Thanks. Took a quick look. It’s an interesting example of what’s going on with string theorists. 90% of it was advertising for string theory, all decades old. The last 10% was the news that the speaker is moving on from string theory to something else: “generalized symmetries”.

    The problem with this very common situation is that, while string theory research is on the outs, hep-th research is in the same situation as it has been for many decades: almost everyone works on the same short list of “hot” topics. Today there’s a very short list of these, to see it is even easier than it used to be: just look at the list of “Simons collaborations”, the winners of their competition to choose the latest few hot topics. Basically now these are:

    1. “It from Qubit”: study toy models supposed giving gravity from quantum information considerations. This may have peaked and be on the way down, after it jumped the shark with the wormhole publicity stunt a bit more than a year ago.
    2. Amplitudeology a la Arkani-Hamed, or also the bootstrap: the revival of the failed S-matrix program of the late sixties.
    3. Celestial holography: Strominger is a talented fund-raiser.
    4. Generalized symmetries.

    Getting a job if you’re doing one of these is quite difficult. If you’re not doing one of these it’s impossible. Maybe one of them will give a big breakthrough in our understanding of fundamental physics, but no evidence for that so far. If the way forward is something other than 1-4, the field is in its usual position of making any young person working on the right way forward unemployable.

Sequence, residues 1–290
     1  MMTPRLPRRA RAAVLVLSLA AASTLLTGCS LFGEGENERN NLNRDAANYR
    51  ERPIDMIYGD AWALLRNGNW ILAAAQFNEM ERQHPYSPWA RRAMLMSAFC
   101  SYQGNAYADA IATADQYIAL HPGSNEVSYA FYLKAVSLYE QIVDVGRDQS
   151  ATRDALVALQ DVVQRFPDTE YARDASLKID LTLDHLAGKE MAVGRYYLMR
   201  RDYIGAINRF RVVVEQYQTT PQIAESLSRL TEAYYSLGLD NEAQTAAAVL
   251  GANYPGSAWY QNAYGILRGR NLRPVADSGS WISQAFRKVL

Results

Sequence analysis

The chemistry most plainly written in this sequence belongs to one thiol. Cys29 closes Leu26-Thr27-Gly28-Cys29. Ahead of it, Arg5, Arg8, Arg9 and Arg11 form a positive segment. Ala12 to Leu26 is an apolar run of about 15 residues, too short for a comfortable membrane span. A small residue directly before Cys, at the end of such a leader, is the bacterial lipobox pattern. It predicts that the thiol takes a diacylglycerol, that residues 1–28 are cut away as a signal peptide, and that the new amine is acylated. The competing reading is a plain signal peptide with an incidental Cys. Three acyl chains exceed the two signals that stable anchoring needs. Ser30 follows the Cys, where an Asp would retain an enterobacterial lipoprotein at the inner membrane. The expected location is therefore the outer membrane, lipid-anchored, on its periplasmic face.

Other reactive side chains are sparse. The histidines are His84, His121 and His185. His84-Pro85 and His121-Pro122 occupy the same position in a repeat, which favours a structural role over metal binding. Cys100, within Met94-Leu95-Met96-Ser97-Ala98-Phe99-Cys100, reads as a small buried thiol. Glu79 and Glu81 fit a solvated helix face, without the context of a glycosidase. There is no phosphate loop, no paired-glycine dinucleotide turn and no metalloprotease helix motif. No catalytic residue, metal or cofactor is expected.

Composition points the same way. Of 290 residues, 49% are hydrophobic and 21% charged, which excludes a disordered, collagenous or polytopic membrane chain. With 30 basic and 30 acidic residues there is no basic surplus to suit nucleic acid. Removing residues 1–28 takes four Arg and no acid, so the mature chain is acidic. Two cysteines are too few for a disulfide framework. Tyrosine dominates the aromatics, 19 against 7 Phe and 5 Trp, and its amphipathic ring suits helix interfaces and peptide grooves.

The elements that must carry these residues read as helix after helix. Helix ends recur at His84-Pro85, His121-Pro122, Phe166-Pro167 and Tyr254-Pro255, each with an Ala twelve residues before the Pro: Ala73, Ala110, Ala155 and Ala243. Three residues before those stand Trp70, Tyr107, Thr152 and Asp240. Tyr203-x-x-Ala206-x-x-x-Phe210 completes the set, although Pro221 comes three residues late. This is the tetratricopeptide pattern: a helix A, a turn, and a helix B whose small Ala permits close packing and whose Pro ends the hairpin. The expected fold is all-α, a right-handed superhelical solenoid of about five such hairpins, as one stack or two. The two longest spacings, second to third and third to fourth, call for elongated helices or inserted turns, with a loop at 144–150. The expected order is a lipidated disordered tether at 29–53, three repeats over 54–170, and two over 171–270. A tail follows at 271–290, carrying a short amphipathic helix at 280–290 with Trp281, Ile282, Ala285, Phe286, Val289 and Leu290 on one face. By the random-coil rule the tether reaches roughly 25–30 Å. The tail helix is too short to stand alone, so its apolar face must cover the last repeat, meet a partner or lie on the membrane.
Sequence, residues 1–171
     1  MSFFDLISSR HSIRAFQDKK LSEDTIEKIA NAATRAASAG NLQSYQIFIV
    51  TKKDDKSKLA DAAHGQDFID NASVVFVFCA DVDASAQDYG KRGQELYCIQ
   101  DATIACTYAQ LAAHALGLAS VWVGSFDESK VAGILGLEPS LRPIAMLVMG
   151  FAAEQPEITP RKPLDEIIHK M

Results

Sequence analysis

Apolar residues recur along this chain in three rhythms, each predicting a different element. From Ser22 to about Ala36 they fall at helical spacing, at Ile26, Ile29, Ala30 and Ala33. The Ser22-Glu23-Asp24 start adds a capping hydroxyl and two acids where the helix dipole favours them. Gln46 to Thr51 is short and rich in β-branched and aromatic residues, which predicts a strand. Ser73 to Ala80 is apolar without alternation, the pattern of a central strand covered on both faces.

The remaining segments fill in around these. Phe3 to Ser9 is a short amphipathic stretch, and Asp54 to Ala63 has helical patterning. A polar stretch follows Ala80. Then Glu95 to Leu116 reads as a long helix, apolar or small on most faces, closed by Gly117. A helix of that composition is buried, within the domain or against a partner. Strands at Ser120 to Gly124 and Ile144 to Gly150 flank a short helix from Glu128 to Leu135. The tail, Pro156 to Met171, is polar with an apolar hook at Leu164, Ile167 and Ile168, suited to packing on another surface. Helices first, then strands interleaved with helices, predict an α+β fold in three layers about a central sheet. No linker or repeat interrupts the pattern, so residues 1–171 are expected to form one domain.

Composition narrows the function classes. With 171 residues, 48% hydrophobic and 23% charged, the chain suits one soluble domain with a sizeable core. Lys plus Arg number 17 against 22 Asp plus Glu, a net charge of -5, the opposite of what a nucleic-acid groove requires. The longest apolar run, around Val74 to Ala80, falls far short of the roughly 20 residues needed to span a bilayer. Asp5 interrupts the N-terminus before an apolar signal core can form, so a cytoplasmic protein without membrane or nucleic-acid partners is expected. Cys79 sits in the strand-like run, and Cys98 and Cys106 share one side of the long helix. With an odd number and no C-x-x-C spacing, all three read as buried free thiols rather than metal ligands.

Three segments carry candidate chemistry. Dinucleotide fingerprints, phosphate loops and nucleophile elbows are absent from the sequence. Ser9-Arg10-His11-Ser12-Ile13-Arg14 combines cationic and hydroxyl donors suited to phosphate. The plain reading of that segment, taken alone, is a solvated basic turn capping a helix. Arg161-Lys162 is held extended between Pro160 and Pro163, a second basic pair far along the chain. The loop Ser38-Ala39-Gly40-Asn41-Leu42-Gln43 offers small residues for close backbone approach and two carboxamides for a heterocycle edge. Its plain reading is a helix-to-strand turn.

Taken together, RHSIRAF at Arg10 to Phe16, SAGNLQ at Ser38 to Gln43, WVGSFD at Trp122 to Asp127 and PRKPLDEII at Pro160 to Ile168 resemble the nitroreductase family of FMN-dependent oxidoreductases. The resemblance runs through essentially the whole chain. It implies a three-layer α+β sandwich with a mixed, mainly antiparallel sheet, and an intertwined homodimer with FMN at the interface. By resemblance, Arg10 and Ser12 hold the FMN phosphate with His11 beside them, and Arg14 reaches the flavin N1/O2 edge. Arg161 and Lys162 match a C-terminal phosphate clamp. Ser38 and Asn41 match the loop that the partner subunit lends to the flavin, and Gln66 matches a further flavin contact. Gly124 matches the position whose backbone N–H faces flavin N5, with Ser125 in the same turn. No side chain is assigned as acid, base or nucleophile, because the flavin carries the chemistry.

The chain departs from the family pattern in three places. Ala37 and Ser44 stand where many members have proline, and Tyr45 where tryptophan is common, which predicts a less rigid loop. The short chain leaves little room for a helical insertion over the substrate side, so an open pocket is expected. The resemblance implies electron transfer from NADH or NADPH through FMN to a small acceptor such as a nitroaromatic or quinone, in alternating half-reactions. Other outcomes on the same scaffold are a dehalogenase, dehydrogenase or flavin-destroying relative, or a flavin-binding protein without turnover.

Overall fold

2. Mark Hillery says:

    One wonders if space for different approaches could open up at places off the beaten track. This was the case with quantum information and foundations in the early days. It emerged from places like Wheeler’s group at UT Austin and Charlie Bennett and company at IBM, and not from the IAS or Harvard. An example of a very successful career coming from this era is that of Bill Wootters. Bill came from Wheeler’s group, where he was one of the authors on the no-cloning paper, and spent the rest of his career at Williams College, where he made fundamental contributions to entanglement theory as well as being one of the originators of quantum teleportation. Could something like this happen in high-energy theory, or is it out of the question?

  3. Eitan Bachmat says:

    Dear Peter
    I t seems to me that your view of hot topics and the choices of the Simons foundation is too localized. I think the more correct view is that what is promoted is the advancement of symmetries, dualities and generalizations as beatiful organizing and cross disciplinary concepts which are extremely effective in math and science. More generally, it seems that cross disciplinarity is strongly promoted. There is a symmetry based collaboration on the engineering of fusion, essentially an elaboration of Noether’s theorem, there is another about extreme wave phenomenon. Symmetries and symmetry breaking which is mostly classical, combining engineers, mathematicians and physicists, there is the homological mirror symmetry collaboration which is physics inspired pure math which has great results regardless of wether it has anything to do with actual physics and you can apply this analysis to most collaborations, There are a few pure math and a pure computer science collaboration, but these are the exceptions.